Figure 1: Australia's Temperate Agricultural Zone (TAZ) Re-drawn from Williams, Hook & Gascoigne (1998)

Figure 1: Australia's Temperate Agricultural Zone (TAZ) Re-drawn from Williams, Hook & Gascoigne (1998)

The main threats to bird survival in agricultural areas is habitat loss caused by over-clearing of native vegetation, and subsequent degradation of the remnants of vegetation. The rate of clearance varies greatly between different parts of Australia. The States and Territories have responsibility for land clearance, and the success or otherwise of laws in regulating clearance is examined. SA, Victoria and the ACT have sound controls on clearing and WA has recently strengthened its controls.

Over-clearing causes severe delayed effects on the land itself and these are examined in the context of agricultural productivity. In contrast, where native vegetation has been retained, a range of agricultural benefits ensue; some of these benefits are detailed.

The common cause of biodiversity losses and land degradation in the agricultural zone, namely over-clearing of land, points to a common solution. Many government programs at Commonwealth and State level are aimed at halting land degradation. This paper will consider the success or otherwise of these programs, and what could be done to improve the outcomes, taking into account the need to conserve biodiversity. Further measures may be needed and a possible solution is put forward. It would be overly optimistic to think that the solution put forward in this paper, to retain/replant 30 per cent of agricultural land as native vegetation is either achievable or would completely restore the land and biodiversity to pre-European standards, but the consequences of inaction are further declines in biodiversity and increases in land degradation.

A Crisis in Biodiversity

Most people are aware that species of plants and animals have become extinct in historical times, but there has been little recognition of the extent and gravity of the world situation. The current rate of extinction for birds and mammals of around one per cent per century is 100-1000 times the natural rate. According to the latest World Conservation Union report, over 11 000 species of plants and animals are threatened, in almost all cases as a result of human activities.(3) This includes approximately 25 per cent of reptiles, 20 per cent of amphibians and 30 per cent of fish (mainly freshwater) so far assessed, as well as 24 per cent of mammal species and 12 per cent of bird species. A new phenomenon, the 'empty forest', is starting to appear. In Britain, where two national bird atlas projects have been carried out, 54 per cent of bird species had declined significantly in range nationally, and 81 per cent had declined in rural areas over a period of just 15 years (1968-72 to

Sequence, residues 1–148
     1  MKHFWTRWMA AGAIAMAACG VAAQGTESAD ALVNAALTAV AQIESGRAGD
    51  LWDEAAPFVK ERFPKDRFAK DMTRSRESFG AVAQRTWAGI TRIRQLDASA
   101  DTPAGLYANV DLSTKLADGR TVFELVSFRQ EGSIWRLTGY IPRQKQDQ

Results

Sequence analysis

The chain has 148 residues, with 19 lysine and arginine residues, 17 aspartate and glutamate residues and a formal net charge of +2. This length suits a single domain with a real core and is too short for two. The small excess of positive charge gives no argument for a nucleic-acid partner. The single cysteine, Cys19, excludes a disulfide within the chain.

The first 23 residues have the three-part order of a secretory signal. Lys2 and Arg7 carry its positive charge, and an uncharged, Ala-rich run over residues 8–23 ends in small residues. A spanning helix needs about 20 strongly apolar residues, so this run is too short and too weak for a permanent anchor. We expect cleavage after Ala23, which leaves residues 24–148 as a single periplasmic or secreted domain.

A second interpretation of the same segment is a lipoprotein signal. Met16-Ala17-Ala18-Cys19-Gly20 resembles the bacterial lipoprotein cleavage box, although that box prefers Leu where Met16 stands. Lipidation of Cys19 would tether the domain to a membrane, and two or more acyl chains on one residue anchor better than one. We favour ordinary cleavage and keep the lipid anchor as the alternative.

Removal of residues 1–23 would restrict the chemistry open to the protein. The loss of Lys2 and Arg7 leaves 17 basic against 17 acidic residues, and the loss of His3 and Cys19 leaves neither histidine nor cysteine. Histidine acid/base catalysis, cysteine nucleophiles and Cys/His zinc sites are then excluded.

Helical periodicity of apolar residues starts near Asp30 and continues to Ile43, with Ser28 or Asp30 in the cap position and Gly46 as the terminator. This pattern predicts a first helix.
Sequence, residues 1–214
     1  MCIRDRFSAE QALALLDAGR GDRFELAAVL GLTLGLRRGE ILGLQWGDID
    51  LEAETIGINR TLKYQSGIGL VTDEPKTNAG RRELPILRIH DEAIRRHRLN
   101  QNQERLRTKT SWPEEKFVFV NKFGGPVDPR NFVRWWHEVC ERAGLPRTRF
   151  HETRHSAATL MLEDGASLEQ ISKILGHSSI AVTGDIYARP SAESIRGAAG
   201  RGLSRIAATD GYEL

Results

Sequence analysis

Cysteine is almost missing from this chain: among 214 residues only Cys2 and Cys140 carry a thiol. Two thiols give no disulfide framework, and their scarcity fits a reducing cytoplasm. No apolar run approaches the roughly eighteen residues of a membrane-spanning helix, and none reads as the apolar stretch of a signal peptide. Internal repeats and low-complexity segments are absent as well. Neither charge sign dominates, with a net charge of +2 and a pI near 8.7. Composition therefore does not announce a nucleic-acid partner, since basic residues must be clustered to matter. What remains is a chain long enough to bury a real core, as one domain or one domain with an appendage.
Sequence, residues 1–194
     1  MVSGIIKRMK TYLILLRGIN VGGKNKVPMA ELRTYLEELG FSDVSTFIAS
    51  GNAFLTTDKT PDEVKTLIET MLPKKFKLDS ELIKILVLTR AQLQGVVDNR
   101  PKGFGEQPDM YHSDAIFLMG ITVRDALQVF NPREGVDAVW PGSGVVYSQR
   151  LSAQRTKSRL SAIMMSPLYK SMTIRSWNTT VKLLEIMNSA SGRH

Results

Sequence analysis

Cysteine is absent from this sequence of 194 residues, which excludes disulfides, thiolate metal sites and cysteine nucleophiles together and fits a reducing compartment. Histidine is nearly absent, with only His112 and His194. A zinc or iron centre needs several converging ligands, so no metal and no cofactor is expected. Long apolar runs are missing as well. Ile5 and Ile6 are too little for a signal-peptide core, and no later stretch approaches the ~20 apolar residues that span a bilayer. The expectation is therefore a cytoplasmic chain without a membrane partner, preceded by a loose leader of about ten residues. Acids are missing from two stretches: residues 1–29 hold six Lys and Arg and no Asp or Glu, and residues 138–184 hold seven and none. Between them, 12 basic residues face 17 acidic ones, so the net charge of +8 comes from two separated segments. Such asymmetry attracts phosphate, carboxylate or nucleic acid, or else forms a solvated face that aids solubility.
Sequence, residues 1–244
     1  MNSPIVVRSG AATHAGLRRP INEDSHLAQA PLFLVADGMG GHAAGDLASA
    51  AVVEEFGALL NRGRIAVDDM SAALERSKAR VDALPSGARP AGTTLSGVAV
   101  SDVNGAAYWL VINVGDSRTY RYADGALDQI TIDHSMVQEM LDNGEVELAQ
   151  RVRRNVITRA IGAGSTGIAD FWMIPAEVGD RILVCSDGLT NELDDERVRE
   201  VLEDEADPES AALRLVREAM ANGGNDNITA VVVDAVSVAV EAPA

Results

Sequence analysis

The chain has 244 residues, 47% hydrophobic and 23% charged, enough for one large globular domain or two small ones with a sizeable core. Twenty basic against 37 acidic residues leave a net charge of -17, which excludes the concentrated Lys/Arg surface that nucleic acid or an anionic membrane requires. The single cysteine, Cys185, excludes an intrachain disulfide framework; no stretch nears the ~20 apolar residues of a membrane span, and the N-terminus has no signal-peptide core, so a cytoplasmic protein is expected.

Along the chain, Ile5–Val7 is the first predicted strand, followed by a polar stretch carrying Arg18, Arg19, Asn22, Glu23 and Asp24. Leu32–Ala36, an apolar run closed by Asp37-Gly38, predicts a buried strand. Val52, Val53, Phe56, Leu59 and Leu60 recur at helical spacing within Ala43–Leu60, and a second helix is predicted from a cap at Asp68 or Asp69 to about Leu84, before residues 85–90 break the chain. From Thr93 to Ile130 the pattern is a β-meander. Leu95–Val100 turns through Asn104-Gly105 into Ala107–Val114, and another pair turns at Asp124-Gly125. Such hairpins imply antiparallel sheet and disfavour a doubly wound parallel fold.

1986-90).(4) According to an eminent biologist, '[the current destruction of the earth's biological diversity is humanity's most disastrous mistake ... an era of loneliness is in store for us]'.(5) The loss of biodiversity is approaching what scientists are calling the sixth great extinction episode, but the difference with this one is that it is being brought about by one species-humanity.

In Australia, there still seems to be plenty of birds and other animals in many places-have we escaped the crisis here? Unfortunately the answer is no; of the world's mammals to become extinct in the last 100 years, half were Australian. Overall about 280 species, or nearly 17 per cent of Australia's terrestrial vertebrates species, are listed by one organisation or another as endangered, rare or threatened. For instance, one in four mammal species is either extinct or threatened and nearly one in five bird species is listed as threatened or of 'special concern'.(6)

Biodiversity is directly important to people in a number of ways, many of which we take for granted. Living organisms provide a range of materials used by people for food, fuel, fibre and medicines. Living organisms provide a range of biological services that benefit people including pollination, recycling, nitrogen fixation, replenishment of atmospheric oxygen and removal of carbon dioxide. Our fresh water, clean air and fertile soil are the work of our natural environment and are integral to our well-being and economic prosperity. A recent report has valued global ecosystems at $33 trillion per annum-more than the global gross domestic product (GDP).(7)

Birds play a vital role in ecosystems by pollinating native plants, dispersing seeds and removing pests from crops and trees. By controlling insect populations, birds can keep alive the patches of trees on farms. A healthy bird community is able to remove 50-70 per cent of leaf-feeding insects and so help reduce eucalypt die-back associated with fertiliser use and over-clearing.